Society & Culture
Farce and furious: housing project event slides into chaos
Hiyaa, meaning shelter, was launched with fireworks at a groundbreaking ceremony last November. It involves the construction of 36 towers with apartments to house 80,000 people.
An event for a flagship government housing project descended into farce on Sunday as application forms for the flats ran out in 30 minutes, the website crashed due to demand and police shut the door in people’s faces.
Hiyaa (shelter) was launched with fireworks at a groundbreaking ceremony last November. It involves the construction of 36 towers with apartments to house 80,000 people, according to the President’s Office.
The housing ministry opened up the application process for more than 7,000 Hiyaa flats and pledged that Sunday’s event, held in the capital, would have no queues and that the forms would be on its website.
Housing Minister Mohamed Muizzu had earlier in the day explained the categories for the affordable housing forms and said the process had been made as easy as possible.
“We don’t want any of our citizens to face any difficulties or challenges in this,” he told the media. “Forms can be downloaded and also will be available from Dharubaaruge (convention centre) until July 31.”
However the website crashed soon after launching at 2 pm, the 15,000 forms at the convention centre ran out in less than half an hour and photos starring long lines of social housing hopefuls circulated online.
People were left sitting outside because of the ministry’s lack of preparation, not to mention police shutting the venue doors after the forms had run out.
“When I came in the morning, they wanted to hold a press conference – what’s the point? Just give the forms to those who came,” said 40-year-old Mariyam Rasheedha, who had travelled from Hulhumalé. “Instead they told me to leave, and when I returned before 2:30 pm, they said the application forms were gone.”
“I have seizures,” she told the Maldives Independent. “I take care of a sick mother and father and I am a mother to four children. I have applied for (government) flats before, but I got a very low score. At the time I had three kids under the age of 18.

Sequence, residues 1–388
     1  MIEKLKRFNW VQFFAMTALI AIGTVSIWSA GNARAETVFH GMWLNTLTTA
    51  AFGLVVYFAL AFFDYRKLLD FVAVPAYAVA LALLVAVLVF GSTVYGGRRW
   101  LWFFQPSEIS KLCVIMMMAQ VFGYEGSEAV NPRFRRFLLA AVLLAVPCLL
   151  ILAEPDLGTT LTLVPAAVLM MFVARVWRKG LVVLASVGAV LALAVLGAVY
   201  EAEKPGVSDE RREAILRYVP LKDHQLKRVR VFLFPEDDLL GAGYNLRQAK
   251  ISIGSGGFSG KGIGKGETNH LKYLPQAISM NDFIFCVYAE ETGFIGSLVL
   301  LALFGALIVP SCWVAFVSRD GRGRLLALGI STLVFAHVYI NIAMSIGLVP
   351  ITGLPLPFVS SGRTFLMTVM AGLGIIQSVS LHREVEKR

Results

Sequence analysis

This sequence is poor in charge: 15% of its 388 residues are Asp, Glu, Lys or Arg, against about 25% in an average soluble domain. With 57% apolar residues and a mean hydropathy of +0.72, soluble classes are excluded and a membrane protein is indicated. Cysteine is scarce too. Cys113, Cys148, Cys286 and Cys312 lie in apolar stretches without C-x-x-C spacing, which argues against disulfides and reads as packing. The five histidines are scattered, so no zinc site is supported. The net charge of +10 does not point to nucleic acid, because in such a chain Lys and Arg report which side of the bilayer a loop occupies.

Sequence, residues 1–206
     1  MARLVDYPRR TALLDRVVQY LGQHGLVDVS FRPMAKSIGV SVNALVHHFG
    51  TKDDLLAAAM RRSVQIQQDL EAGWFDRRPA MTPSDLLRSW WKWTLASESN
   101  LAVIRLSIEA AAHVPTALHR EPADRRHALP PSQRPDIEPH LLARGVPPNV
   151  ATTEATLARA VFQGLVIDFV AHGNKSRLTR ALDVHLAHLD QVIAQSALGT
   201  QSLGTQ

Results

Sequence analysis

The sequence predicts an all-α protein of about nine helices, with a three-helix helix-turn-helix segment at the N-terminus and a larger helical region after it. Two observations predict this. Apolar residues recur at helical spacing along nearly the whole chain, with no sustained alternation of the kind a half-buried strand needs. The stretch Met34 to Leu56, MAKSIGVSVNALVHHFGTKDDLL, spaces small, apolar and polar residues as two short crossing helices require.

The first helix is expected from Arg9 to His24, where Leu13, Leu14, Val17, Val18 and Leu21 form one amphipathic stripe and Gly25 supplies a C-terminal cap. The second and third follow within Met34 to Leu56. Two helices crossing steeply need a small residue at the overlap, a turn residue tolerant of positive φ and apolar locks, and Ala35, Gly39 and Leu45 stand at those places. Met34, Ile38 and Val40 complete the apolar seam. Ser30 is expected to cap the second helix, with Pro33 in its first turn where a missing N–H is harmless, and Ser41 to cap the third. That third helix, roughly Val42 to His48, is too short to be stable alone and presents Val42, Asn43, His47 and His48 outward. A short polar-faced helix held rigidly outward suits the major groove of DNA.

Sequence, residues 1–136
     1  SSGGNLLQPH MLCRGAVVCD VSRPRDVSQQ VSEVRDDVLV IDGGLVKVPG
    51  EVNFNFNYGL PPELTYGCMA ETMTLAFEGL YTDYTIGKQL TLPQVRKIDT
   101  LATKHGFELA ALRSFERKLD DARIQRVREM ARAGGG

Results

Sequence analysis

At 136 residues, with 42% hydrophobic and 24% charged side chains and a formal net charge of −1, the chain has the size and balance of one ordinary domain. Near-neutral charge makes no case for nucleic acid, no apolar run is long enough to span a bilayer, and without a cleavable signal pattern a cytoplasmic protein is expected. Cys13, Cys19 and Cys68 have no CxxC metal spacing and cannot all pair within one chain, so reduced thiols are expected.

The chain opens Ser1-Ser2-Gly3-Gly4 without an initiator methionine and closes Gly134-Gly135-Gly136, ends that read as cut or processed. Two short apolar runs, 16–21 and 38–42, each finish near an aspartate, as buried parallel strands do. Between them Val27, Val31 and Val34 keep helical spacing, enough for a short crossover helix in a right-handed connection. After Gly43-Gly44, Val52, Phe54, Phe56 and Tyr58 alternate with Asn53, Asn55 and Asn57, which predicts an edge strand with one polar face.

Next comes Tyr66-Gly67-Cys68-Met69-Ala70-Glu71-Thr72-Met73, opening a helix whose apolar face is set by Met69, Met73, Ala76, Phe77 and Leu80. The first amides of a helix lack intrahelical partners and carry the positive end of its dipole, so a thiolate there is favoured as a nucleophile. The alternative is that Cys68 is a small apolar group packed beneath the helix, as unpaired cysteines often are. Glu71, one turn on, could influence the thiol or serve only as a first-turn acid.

“Last week I got a call asking me if I needed help and to come to get a form for housing, so the government knows I am a person with disabilities,” she said. “I can’t cross an ocean and go back to Hulhumalé and come back at 8 pm.”
She was one of the few who decided to wait outside the convention centre, despite the lack of seating, until forms became available again on Sunday night.
“I tried downloading online but I can’t access the website, so I came here,” said 32-year old Moosa Mohamed*. He was one of those turned away by police.
“The mighty will get the forms,” said Mariyam, referring to allegations of favouritism and graft from previous housing application schemes. “People with disabilities, people who are the most vulnerable, will have the hardest time getting it. I have no hope of getting a form, but I am here.”
The disorganisation also provoked despair on Twitter.
“Can’t see the end of the queue that lined up in the hope of shelter,” tweeted deputy mayor of Male Shamau Shareef. “As soon as they started releasing forms people jumped in. It’s come to this because of how badly people want housing. The constitution guarantees housing as equally as clothing.”
“We do not prioritise first-comers in giving out flats,” the housing minister tweeted in reply. “I advise the opposition to stop such rumors that would cause worry and anxiety in the hearts of the citizens.”
The government has previously struggled with the application process for housing projects, with many disgruntled Maldivians having to stand in line for hours just to get a form.
President Abdulla Yameen’s administration plans to relocate and settle 70 percent of the country’s 338,000 population in a ‘Youth City’ developed on the artificial island of Hulhmalé.
Yameen was ridiculed last month for saying the capital was not congested or overcrowded, despite the tiny city being home to almost 40 percent of the country’s population.